SALEM — State officials could have saved up to $1.6 billion over a two-year period by being smarter shoppers, according to a state audit released Wednesday.

But, auditors said, old technology and outdated practices largely prevent the state from digging into whether it is spending each dollar of taxpayer money wisely.

Auditors looked at all information technology purchases in 2016 and 2017 by 10 state agencies whose buying is subject to oversight from the Department of Administrative Services.

They found the state bought 1,300 24-inch Dell monitors for prices ranging from $176.40 to $241.15 and could have saved over $16,500 by always paying the lowest price.

In another example, the state paid 131 different prices for the same surge protector, ranging from $65.90 to $173.98.

While focusing on technology, the auditors used their findings and other research to conclude that Oregon could have trimmed up to 20 percent of $8 billion in state government purchases in the 2015-17 budget.

The Department of Administrative Services has price agreements with vendors to set prices for goods bought by the state. The state encourages agencies to negotiate for lower prices.

But auditors found that state buyers use multiple systems to track spending and don’t follow consistent buying practices.

Some state agencies monitor spending in Microsoft Excel spreadsheets. Only two state agencies regularly analyze individual purchases, auditors found.

“Without the ability to analyze detailed purchase data for all procurements, Oregon is unable to identify opportunities for potentially millions of dollars in cost savings,” auditors wrote.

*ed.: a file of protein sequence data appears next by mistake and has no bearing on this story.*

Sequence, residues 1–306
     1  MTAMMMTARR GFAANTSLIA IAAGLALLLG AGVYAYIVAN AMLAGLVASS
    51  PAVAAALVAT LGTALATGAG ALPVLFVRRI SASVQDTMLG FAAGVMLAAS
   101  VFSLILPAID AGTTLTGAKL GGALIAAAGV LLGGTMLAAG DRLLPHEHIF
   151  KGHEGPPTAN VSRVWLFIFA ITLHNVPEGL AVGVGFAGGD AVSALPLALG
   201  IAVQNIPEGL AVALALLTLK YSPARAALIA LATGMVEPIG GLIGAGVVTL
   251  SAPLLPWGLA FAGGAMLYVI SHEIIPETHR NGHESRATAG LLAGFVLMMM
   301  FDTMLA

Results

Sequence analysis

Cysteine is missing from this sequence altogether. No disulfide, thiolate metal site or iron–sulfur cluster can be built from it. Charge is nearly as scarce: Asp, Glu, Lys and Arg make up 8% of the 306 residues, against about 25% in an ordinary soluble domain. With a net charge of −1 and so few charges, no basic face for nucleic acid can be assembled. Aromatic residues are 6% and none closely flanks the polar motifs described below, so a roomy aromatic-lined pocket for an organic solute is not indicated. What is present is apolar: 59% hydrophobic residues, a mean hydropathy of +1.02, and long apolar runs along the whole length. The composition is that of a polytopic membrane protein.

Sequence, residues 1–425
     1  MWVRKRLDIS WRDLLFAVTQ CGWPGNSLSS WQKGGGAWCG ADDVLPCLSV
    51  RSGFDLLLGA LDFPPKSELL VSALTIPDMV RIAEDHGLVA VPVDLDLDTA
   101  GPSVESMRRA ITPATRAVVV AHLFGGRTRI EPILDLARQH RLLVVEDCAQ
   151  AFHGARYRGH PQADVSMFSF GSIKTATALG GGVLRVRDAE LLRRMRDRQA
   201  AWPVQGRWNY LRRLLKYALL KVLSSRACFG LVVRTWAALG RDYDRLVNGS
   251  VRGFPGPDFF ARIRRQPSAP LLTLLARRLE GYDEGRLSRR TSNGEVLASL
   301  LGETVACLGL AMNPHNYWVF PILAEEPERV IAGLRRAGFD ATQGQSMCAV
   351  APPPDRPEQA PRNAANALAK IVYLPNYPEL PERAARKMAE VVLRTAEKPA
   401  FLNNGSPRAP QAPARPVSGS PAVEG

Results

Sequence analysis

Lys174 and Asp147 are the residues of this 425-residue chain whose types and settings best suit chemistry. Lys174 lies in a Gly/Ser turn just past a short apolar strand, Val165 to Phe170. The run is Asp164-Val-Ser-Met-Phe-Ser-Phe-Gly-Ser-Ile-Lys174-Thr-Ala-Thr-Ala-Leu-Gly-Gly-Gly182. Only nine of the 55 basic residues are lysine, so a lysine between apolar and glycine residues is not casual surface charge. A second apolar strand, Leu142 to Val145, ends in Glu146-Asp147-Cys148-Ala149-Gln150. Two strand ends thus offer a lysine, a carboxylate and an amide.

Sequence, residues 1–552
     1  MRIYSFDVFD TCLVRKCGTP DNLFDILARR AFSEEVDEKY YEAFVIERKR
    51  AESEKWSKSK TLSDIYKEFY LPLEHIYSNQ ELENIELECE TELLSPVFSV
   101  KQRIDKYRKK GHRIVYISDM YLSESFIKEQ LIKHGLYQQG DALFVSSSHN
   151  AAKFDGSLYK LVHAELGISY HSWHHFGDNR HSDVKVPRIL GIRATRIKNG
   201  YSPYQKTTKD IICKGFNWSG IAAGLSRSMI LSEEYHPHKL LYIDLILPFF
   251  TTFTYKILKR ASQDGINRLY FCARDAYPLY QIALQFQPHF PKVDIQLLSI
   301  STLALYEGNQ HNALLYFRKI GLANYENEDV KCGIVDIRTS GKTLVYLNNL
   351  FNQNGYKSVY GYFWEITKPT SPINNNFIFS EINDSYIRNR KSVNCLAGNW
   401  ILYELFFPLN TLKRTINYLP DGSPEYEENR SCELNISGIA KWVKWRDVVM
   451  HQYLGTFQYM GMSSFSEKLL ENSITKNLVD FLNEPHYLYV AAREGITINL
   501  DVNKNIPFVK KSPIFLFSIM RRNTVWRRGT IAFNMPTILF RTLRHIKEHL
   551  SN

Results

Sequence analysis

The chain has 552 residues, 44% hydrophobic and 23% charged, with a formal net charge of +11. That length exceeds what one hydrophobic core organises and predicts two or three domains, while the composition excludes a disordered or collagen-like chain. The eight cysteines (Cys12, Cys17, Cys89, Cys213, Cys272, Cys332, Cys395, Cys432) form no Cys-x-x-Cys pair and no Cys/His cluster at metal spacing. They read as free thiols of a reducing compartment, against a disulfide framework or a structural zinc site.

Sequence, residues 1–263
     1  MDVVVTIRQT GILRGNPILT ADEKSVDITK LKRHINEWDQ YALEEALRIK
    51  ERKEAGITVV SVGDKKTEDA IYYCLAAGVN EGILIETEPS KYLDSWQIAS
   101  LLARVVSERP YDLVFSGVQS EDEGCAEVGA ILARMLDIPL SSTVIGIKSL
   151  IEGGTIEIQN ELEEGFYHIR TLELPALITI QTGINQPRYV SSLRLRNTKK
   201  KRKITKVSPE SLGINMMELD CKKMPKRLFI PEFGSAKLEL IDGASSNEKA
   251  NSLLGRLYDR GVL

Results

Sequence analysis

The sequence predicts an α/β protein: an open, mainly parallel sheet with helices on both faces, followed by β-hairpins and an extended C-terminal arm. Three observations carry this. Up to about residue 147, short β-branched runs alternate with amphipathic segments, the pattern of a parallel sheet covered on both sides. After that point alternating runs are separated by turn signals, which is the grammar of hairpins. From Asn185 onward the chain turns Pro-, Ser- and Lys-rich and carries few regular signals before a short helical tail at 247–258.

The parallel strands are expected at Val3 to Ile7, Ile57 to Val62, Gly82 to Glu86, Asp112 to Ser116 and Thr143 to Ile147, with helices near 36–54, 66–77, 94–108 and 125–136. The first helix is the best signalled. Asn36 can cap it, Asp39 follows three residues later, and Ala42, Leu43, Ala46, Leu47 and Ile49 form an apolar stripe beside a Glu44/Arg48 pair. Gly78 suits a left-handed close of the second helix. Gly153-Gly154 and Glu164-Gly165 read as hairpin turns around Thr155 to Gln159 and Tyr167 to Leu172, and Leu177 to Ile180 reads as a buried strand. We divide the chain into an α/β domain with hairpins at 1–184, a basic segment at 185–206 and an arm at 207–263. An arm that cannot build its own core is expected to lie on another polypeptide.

Oregon could benefit from analyzing information about what it spends money on, auditors found.

Such an analysis can result in big savings. Auditors said that officials in Georgia reported saving $61 million after doing an analysis of 38 contracts.

Auditors recommended that the Department of Administrative Services buy a procurement system that would provide more details about specific purchases so the state can spot ways to save money.

The Oregon Capital Bureau is a collaboration of EO Media Group, Pamplin Media Group and Salem Reporter.

(0) comments

Welcome to the discussion.

Keep it Clean. Please avoid obscene, vulgar, lewd, racist or sexually-oriented language.
Don't Threaten. Threats of harming another person will not be tolerated.
Be Truthful. Don't knowingly lie about anyone or anything.
Be Nice. No racism, sexism or any sort of -ism that is degrading to another person.
Be Proactive. Use the 'Report' link on each comment to let us know of abusive posts.
Share with Us. We'd love to hear eyewitness accounts, the history behind an article.